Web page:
Check Against Delivery


To discuss the findings of the Comptroller and Auditor General Report on the cancellation of penalty points
– Pádraig MacLochlainn TD

The findings in the Comptroller and Auditor General report on the cancellation of road traffic penalty points
– Joe Higgins TD

A Cheann Comhairle

I am glad of this opportunity to comment on the findings of the Comptroller and Auditor General in his report on the Garda fixed charge processing system.

I welcome these findings, because they confirm what went wrong with the system and what needed to be fixed.  Broadly speaking, the findings echo the findings of the examination of the same allegations which was carried out by Assistant Garda Commissioner John O’Mahoney.

I published the O’Mahoney report, and also a related report by the Garda Professional Standards Unit, earlier this year and referred them to the Joint Oireachtas Committee on Justice, Defence and Equality.

Perhaps the key point is that the O’Mahoney report broadly identified the same key issues of concern relating to the operation of the fixed charge processing system identified by the C&AG, namely a failure to follow cancellation procedures in a significant number of cases, a lack of adequate record-keeping, and an inconsistency, and in many cases a laxity, in accepting justifications for speeding and other road traffic offences.

There is absolutely no doubt that the findings of the C&AG reinforce both the concerns identified by the O’Mahoney report about weaknesses in the fixed charge notice system, and the case for corrective action.

And action has been taken:

• Disciplinary proceedings were taken against a number of members of the Garda Síochána, and a number of others were advised of the absolute necessity to follow correct procedures.

• A new Garda directive on the cancellation of fixed charge notices was issued to the entire Force on 30 August 2013, aimed at significantly tightening up on procedures for cancellation. 

• The Garda Commissioner has accepted and will implement specific and helpful recommendations by the C&AG on improving the fixed charge notice system, and how it inter-acts with the courts service and the driver licencing system.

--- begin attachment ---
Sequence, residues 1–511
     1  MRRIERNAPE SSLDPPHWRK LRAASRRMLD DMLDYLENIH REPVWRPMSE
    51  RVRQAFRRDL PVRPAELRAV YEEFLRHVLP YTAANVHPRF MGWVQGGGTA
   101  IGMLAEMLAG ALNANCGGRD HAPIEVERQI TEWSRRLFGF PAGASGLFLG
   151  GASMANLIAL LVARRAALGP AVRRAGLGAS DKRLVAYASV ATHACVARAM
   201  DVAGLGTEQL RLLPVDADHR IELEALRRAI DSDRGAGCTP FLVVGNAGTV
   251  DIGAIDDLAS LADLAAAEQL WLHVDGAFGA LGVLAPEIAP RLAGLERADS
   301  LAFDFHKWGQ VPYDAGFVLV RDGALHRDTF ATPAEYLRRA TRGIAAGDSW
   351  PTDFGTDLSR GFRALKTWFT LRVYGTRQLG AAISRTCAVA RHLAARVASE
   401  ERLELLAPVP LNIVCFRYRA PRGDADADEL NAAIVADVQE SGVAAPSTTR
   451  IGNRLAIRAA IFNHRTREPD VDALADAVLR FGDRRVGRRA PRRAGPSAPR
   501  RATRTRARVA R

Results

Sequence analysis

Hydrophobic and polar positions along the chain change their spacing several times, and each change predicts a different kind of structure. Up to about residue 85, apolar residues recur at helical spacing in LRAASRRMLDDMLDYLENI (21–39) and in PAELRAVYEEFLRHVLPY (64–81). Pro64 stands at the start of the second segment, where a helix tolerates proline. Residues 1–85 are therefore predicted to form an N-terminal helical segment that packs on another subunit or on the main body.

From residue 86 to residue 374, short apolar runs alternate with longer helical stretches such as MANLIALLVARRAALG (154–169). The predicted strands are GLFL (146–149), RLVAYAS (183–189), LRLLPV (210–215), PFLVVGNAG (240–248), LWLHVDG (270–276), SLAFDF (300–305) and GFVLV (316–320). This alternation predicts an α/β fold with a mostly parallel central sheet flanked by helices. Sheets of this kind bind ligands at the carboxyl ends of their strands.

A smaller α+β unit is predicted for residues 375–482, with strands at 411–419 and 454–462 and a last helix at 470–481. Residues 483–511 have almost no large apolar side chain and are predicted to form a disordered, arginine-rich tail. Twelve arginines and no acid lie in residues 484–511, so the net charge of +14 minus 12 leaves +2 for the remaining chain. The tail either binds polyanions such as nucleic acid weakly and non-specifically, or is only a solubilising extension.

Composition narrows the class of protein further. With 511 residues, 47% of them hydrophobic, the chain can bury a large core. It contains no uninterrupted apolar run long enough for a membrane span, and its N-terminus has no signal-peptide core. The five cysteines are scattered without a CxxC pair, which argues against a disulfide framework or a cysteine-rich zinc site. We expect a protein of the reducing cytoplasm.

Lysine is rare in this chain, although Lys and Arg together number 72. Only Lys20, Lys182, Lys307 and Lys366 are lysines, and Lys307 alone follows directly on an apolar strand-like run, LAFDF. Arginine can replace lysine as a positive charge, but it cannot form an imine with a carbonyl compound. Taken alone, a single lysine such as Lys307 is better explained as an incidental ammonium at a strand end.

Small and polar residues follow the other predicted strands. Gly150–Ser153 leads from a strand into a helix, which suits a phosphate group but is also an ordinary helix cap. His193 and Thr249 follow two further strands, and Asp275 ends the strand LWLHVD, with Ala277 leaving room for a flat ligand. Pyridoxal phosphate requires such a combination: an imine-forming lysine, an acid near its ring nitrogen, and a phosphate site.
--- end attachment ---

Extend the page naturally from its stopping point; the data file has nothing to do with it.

In addition, as I have previously indicated, I have referred the two Garda reports to the independent Garda Inspectorate for its advice on any further measures which may be desirable, and I expect to receive a report from the Inspectorate in the near future.

I welcome the action taken by the Garda Commissioner, and his commitment to implement the further recommendations of the Comptroller and Auditor General. The result will be a fixed charge notice system which is more open and transparent, and more robustly operated.  This is essential if public confidence in the system and in the enforcement of road traffic law is to be maintained.  The Garda Síochána, along with the Road Safety Authority and other stakeholders, have done so much in recent years to improve road safety and reduce fatalities.  Everything must be done to maintain that progress, and the Garda Commissioner has my full support in the strong action he is taking.

It is only fair to acknowledge that these reports, and their findings and recommendations, are in response to allegations of improper cancellation of fixed charge notices.  But any fair assessment must also conclude, on the evidence available, that a great many of the most serious allegations have been found to be utterly without basis, including allegations of avoidable road fatalities linked to speeding drivers being improperly let off fixed charge notices, and allegations of hundreds of PULSE records being destroyed. 

Perhaps most significantly, the member of the Garda Síochána making the allegations rejects the findings of the O’Mahoney report, and continues to claim that there has been widespread corruption and criminality on the part of senior members of the Garda Síochána.  These are exceptionally serious allegations, for which the O’Mahoney report found no basis in fact.  My Department has written to the member concerned urging him to come forward with any evidence he may have to justify these allegations.

In conclusion, I welcome the finding of the Comptroller and Auditor General.  They are in line with the findings of the report by Assistant Commissioner O’Mahoney published earlier this year, and I fully support the Garda Commissioner in the decisive action he is taking on foot of them.

1 October 2013